The event began with a parade lasting a few minutes, up one side of the street and down the other, with music being played and each lantern pole being carried horizontally between two people. Then the parade stopped and the balancing acts began. Each full-size kantou had 46 lanterns on it, was about 10m tall (I think) and weighed about 50kg. (Younger boys had smaller kantou.) Over 200 men balanced these poles on their hands, shoulders, foreheads and hips, and some of them added extra poles to the bottom to extend the height, as if the kantou were a chimney sweep's brush. At the Nebuta and Neputa festivals the floats are lit with electricity nowadays, but the Akita kantou still use candles. The performers frequently lost control of their kantou and they came crashing down; fortunately the telegraph poles along the sides of the road were strung with lanterns and these usually prevented the kantou from hitting the spectators. After about half an hour of balancing the kantou, the performers paraded round a bit further and then did some more balancing. Finally the stage was thrown open and anyone who wanted to was allowed to have a go at lifting the kantou. I had a go with one that had been used for performances by 13-year-old boys and was about two thirds of the size of the adults' ones, and it was still pretty heavy. I also had a taiko lesson from Graham.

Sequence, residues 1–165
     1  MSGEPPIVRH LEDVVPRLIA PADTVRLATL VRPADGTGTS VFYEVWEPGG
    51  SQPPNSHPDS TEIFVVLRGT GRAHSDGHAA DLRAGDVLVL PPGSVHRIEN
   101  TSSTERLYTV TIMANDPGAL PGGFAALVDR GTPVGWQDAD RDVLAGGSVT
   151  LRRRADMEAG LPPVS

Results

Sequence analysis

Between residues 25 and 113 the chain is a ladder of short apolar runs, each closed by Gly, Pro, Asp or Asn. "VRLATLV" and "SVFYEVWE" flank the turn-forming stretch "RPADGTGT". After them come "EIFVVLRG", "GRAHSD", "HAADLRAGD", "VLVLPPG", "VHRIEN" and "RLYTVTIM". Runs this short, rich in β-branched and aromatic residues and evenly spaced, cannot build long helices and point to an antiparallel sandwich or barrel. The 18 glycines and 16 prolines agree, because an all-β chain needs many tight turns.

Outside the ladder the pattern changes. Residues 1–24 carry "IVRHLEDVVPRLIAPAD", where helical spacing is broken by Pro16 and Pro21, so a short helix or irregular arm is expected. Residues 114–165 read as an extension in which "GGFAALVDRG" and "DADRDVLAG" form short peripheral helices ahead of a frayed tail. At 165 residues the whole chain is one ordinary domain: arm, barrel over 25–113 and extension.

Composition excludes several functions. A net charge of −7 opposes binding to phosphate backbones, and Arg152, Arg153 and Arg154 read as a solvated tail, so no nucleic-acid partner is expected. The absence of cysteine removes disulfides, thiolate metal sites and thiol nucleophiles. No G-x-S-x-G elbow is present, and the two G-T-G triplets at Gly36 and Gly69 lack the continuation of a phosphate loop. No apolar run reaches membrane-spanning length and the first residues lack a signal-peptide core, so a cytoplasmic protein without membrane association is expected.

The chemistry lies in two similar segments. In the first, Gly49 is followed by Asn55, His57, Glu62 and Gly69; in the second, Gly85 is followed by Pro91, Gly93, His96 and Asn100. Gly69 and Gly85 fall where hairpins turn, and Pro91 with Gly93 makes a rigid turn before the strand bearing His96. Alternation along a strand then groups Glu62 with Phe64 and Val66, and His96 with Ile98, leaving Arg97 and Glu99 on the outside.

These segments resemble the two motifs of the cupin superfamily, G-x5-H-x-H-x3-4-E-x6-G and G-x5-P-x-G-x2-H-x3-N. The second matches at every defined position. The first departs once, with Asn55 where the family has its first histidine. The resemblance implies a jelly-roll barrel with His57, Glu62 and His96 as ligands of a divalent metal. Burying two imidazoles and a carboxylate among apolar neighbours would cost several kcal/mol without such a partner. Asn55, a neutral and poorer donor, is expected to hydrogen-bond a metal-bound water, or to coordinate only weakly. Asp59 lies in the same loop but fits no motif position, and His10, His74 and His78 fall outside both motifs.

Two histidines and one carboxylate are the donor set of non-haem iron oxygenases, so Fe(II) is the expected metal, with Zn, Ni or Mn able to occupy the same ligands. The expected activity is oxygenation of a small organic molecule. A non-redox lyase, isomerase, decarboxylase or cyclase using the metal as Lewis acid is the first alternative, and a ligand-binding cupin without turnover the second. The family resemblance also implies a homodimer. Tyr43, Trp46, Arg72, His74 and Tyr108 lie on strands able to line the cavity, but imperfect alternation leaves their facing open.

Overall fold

At the kantou-matsuri. The fourth picture shows lanterns being hurriedly re-lit in a kantou that had fallen over quite a few times, and last one shows me lifting the same kantou that the boy in the third picture is balancing on his head.
When it was all over I met up with Cath, and before going home we went for a quick visit to a bar called Speak Easy, run by a cowboy-wannabe who goes by the name of Tex and loves foreigners (he takes a picture of every foreign customer who comes to his bar, and I was no exception) and appears to be drinking his profits. Interesting place, but a bit dark, loud and smoky for me.
Catherine and Graham, my hosts in Akita.
Th following day it was on to Tochigi-ken to visit Richard, an American friend who came to visit me in Hikone in the spring. The journey took all day on local trains, but I did have a stop of an hour or so in Yamagata, where I caught a bit of the Hanagasa (flowery bamboo hat) festival.
Hanagasa-matsuri in Yamagata.
I met up with Richard and his girlfriend Nobuko in Utsunomiya, where yet another festival was just winding down. It seemed to centre on a shrine (as a lot of festivals do), and involve mikoshi (portable shrines) and men in mawashi (loincloths). After we'd got some food at a couple of the festival stalls, Richard and I headed back to his home in Ujiie for the night.
Nobuko and Richard in Utsunomiya; half-naked men on a mikoshi.